Judi was walking by the jewelry store one day in the midtown mall. She saw a diamond bracelet that she really liked. In the store she went.
“Excuse me,” she said to the sales lady behind the counter, “Will a small deposit hold that bracelet until my husband does something unforgivable?” *
I (Dawn) laughed at that, but really, should we ever not forgive our spouse? Unforgiveness is a sorry habit to have; it’s one that we need to lose before we destroy our relationships.
I remember a time, early in my marriage, when I was really ticked off at my husband Bob. I thought he was insensitive to my needs, and I told him so. He looked really shocked, and he apologized right a way. That should have ended it.
But it didn’t. I decided he needed to suffer a little longer.
So I didn’t talk to him … for two days! I did everything I could to avoid him. I was smug and quietly nasty.
And totally self-righteous.
And then I went to church that next Sunday. And wouldn’t you know it, the pastor spoke on Ephesians 4, talking about unity and maturity in the Body of Christ.
The Lord had His own private message that cut straight to my heart. “You’re not being very mature, Dawn, and you certainly aren’t working toward unity with your husband.” I scooted down lower in the pew, frowning.
But you don’t understand, Lord. Bob….
“I’m talking to Bob about something else right now. Listen to me.”
“Listen to me!”
The pastor’s words broke through my thoughts right about then: “Get rid of all bitterness … Be kind and compassionate to one another, forgiving each other, just as in Christ God forgave you.” (Ephesians 4:31-32).
It was that last phrase that brought the tears. How did God forgive me in Christ?
Freely. Fully. Liberally.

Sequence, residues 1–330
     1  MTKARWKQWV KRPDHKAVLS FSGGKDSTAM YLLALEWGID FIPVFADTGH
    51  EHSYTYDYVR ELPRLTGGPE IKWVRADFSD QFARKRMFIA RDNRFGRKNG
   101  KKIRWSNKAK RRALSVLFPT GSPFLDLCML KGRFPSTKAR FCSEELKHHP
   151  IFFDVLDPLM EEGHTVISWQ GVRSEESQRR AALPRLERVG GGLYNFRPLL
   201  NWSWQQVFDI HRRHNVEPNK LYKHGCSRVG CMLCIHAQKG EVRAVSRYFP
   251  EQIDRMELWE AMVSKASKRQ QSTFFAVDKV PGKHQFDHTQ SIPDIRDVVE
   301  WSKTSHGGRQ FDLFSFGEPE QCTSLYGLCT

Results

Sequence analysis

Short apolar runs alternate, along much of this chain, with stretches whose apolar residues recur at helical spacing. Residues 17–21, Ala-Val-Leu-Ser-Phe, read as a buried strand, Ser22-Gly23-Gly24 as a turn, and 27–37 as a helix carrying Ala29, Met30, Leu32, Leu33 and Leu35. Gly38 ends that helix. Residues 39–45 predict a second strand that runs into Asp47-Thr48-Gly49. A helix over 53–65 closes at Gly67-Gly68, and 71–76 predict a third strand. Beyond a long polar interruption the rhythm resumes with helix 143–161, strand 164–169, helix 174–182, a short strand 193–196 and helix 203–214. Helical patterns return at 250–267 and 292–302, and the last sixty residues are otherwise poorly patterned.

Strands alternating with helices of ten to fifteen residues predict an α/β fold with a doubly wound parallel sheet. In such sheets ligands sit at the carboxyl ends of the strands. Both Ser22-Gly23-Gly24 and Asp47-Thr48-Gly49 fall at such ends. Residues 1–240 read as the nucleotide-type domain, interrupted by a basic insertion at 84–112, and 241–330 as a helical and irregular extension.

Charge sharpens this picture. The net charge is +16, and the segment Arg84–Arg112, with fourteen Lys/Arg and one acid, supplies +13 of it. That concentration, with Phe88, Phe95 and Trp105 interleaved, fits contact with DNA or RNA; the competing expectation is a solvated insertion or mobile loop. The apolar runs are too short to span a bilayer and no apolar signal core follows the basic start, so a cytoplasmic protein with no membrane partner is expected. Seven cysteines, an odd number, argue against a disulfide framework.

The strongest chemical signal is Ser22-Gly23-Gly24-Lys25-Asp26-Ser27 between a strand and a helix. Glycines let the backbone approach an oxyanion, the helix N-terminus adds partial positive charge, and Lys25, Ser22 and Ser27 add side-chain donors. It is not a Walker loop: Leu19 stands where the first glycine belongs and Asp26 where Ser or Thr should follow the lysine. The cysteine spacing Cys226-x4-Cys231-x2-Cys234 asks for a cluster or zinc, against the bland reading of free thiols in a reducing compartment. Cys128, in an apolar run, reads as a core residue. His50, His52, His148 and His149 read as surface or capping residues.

I thought about how many times I had offended God, yet He forgave me because of Jesus’ sacrifice for my sin (Ephesians 1:7). Forgiveness is costly ~ I thought about what forgiveness cost Jesus.
I thought about how unfair I had been to Bob, turning my back on him with the “silent treatment.”
I not only had to forgive Bob, I had to ask for his forgiveness for my sullen, vengeful spirit.
Author Nancy DeMoss describes forgiveness as fully releasing the offender from his debt. “It means fully cleaning his record,” she said. “It is a promise never to bring up the offense against him again (to God, to others, or to the offender himself.” **
God taught me much through the whole experience. Most definitely, He gave me a glimpse at my ugly stubbornness and pride.
I found forgiveness easier after that. I’m quicker to forgive, remembering the undeserved forgiveness God gives me. I’ve also learned a lot about forgiveness:
- God delights to forgive and show mercy (Psalm 86:5-7; Micah 7:18-19).
- If we confess our sins, He is faithful and just to forgive us (1 John 1:9-10; Psalm 130:4)
- It’s useless to make prayers or offerings to God until we have forgiven others (Mark 11:25; Matthew 5:24).
- Love and prayer are marks of a forgiving believer, and should extend even to our enemies (Matthew 5:44-45).
- Our forgiveness should abound to others (Matthew 18:21-22)
- If we are “spiritual,” we will restore those who offend, responding to them with a gentle spirit (Galatians 6:1)
Perhaps you’ve never held a grudge like I did for two days. Or perhaps, you’ve held one for years. The problem with holding grudges is that the anger swells up inside your heart and crowds out all your joy. Grudges are like extra baggage you can’t afford to carry. Life is too short to hang onto all that bitterness. And it surely does not please Father God.
Remember the words of Ephesians 4, Friend. “Be gentle with one another, sensitive. Forgive one another as quickly and thoroughly as God in Christ forgave you” (4:32, The Message). For the believer, forgiveness isn’t optional.
Quick, thorough forgiveness is a precious jewel in Christian character, and a sign of walking close to God. Are you a forgiver?
** Nancy DeMoss, booklet: Freedom through Forgiveness